IMPORTANT NOTE: For those who are interested in participating in the international Backyard Nature Challenge, which begins next Friday (April 24th), you may want to view the recording of yesterday’s Zoom meeting about documenting and uploading your nature observations so that they are counted toward the Baltimore totals. The event organizers at the National Aquarium gave an open Zoom presentation for dozens of amateur naturalists in the Baltimore area to train folks about the use of iNaturalist; it was recorded to be distributed to many more interested parties. Please click here, if you would like to watch that training meeting and learn more about the upcoming event or the iNaturalist website in general.
was ID QUIZ #5 ENOUGH of a challenge or are you eager for more?!?
Most amateur naturalists tend to be more interested in certain phylogenetic groups than others. Some prefer botany and know their plants really well, but are less familiar with the Animal Kingdom in general. Others find the one million-plus species in the Fungi Kingdom interesting, particularly mushrooms. Many choose to focus on certain classes of vertebrates, such as fish, amphibians, reptiles, mammals, or the ever popular birds, but few know each of these groups equally well. Others are fascinated with entomology and study insects, which are the largest class of the phylum Arthropoda. Even the Arachnid class (spiders) of invertebrates have their following. Less popular, but equally fascinating are some of the other phyla of animals, like segmented worms, mollusks, and sponges. Whatever catches your interest can develop into quite a passion, for nature’s subtle adaptations and evolutionary stories are truly wondrous. However, there is such great diversity in the organisms around us, that no naturalist can know everything. That’s particularly what makes these identification quizzes difficult. Sure, you may be breezing through the plant ID’s or the birds, but are you doing just as good a job with the amphibians? Or the insects? Most nature-lovers have their particular passion, but still strive to take advantage of opportunities to learn outside of that area of expertise.
So, how’d you do? The following 12 organisms were pictured in yesterday’s ID Quiz:
- Yellow-bellied Sapsucker — aside from the Flicker, our only real migratory woodpecker; generally arrives in MD in October and leaves for northern breeding grounds in April; particularly fond of fruit trees, in which it drills impressively straight and parallel rows of holes, in search of sap. Note the many rows of holes drilled in this favorite tree by an immature sapsucker! → → →
- Eastern Harvestman — the colloquial ‘Daddy Longlegs’; not actually a spider–more closely related to mites; over 6000 species of harvestmen worldwide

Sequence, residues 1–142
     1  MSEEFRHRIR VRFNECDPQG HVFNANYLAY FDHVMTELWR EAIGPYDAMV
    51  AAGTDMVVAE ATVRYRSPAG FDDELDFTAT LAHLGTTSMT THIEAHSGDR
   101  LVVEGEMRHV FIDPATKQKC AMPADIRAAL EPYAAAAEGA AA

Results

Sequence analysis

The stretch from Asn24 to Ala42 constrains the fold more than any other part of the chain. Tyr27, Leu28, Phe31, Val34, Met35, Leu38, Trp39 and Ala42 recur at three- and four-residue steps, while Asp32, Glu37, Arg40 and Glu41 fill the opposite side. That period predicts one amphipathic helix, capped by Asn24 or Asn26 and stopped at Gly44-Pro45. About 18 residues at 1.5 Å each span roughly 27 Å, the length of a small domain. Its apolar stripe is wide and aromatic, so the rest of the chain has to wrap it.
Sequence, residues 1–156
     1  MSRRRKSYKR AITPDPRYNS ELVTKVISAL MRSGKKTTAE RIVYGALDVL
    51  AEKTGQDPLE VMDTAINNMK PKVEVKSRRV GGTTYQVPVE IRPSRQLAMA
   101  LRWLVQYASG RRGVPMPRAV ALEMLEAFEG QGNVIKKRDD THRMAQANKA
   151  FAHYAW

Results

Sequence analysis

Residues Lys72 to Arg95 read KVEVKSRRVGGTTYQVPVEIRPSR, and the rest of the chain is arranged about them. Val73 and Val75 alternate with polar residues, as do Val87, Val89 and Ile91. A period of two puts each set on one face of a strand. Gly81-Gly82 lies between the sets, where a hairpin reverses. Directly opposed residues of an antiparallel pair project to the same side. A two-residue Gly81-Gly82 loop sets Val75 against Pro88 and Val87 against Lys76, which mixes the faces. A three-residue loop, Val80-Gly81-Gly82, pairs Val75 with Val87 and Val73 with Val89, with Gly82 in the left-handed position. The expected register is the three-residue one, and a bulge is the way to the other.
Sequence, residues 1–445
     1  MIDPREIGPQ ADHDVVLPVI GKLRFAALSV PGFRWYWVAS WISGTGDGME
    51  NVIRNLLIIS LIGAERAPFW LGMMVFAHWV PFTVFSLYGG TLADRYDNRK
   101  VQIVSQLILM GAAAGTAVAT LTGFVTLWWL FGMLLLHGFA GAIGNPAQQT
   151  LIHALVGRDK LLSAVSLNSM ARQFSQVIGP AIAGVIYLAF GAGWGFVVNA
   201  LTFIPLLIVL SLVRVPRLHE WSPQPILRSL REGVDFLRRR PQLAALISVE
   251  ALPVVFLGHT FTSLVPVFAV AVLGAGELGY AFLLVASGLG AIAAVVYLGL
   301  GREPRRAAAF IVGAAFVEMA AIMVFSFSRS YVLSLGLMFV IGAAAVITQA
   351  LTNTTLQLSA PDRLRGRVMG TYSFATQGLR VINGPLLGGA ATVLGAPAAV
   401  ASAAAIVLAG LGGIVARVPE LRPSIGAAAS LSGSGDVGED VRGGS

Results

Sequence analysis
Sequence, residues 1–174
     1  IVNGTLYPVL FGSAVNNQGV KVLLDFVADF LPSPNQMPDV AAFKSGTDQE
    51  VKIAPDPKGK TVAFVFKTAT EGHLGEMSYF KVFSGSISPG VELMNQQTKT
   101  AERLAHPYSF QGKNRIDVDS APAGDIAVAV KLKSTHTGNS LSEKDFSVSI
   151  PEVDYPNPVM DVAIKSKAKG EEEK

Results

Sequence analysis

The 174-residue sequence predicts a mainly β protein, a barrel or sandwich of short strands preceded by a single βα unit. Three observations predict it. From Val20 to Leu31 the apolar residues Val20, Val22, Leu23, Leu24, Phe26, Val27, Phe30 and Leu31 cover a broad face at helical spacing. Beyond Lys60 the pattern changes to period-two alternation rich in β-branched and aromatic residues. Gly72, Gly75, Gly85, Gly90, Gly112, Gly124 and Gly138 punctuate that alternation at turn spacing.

- Oriental Bittersweet — beautiful woody vine, often used in fall wreaths or as Thanksgiving centerpiece; invasive to U.S.–aggressive and problematic–and poisonous to humans, although birds love the berries
- Red Squirrel — small and entertaining northern squirrel; mid-sized between chipmunk and more common Gray Squirrel; prefers conifers
- Spring Peeper — one of the smallest chorus frogs, hardly bigger than your thumbnail; loud chirping from wooded ponds is always a harbinger of spring; scientific name is Hyla crucifer <– meaning ‘cross-bearer’ since Peepers have a characteristic “X” on their backs
- Eastern Phoebe — hardiest member of the flycatcher family; only leaves MD in the depths of winter; like many songbirds, ‘says’ its name!
- Leopard Slug — large and very mucousy slug introduced from Europe; common around human habitation; nocturnal
- Christmas Fern — evergreen fern of shady, moist woodlands; fronds persist–often still green at Christmas (hence, the name); some say individual ‘leaflets’ of fronds look like Christmas stockings
- North American Luna Moth — gorgeous and very large ‘silk worm moth’; increasingly hard to find, since nocturnal and numbers have declined due to parasitic wasps used to control gypsy moth outbreaks
- Bald-faced Hornet — actually more closely related to wasps than hornets; colonial and build large, hanging paper nests; usually only aggressive when nest is distrubed
- Barred Owl — probably the most common owl of the Mid-Atlantic–certainly the most often encountered; has adapted well to human development; characteristic hooting sounds like “Who cooks for you? Who cooks for you all?”
- Wild Carrot — invasive weed, commonly called ‘Queen Anne’s Lace’; nature’s ‘fractal’ with each cluster or ‘umbel’ made up of repeated smaller, similar configurations of flowers
It’s Day 6; now we enter the second half of the challenge! The ID’s are going to become increasingly difficult, as the organisms photographed will be less common, lesser known, or less often encountered in the wild. Try the quiz twice–once without doing any research, then go back with your field guides or laptop at your side and see whether you can meet with more success. Good luck!